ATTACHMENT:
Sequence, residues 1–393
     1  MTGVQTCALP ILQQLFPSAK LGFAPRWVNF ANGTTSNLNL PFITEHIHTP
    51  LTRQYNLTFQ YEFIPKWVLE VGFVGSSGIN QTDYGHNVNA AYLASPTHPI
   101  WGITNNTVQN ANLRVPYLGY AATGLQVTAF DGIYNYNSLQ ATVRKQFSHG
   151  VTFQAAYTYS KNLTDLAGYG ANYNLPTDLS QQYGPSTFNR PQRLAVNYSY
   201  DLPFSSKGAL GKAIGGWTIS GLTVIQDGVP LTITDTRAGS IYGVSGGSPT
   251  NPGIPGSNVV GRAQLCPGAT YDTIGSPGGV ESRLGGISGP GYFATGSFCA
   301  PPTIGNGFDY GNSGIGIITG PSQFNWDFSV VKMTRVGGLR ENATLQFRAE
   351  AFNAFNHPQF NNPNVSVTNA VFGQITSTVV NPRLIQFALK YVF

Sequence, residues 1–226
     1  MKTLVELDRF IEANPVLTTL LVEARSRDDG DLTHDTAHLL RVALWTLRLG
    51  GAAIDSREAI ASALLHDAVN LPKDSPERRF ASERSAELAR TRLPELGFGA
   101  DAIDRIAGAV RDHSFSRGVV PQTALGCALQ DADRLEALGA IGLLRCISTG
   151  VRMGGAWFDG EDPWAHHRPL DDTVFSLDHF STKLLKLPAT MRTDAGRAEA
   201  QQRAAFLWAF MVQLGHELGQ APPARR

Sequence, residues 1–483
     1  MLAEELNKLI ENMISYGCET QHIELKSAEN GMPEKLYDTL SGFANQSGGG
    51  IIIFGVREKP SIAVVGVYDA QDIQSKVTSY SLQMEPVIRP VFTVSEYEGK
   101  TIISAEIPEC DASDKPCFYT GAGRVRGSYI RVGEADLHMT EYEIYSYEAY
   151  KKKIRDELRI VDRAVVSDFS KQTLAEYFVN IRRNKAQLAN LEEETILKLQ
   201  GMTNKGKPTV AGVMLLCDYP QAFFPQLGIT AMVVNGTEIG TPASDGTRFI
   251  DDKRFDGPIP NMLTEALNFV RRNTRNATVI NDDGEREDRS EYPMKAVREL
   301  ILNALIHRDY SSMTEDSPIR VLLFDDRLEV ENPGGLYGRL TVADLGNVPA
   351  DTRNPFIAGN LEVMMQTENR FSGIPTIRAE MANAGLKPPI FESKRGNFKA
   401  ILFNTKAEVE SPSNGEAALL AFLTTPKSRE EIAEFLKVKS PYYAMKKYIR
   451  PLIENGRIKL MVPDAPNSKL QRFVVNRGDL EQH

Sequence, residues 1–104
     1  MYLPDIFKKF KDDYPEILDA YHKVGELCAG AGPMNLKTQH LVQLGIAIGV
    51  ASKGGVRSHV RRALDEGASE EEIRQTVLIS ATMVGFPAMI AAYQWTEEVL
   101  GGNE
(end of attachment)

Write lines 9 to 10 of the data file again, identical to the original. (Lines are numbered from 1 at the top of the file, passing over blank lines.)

   351  AFNAFNHPQF NNPNVSVTNA VFGQITSTVV NPRLIQFALK YVF

Sequence, residues 1–226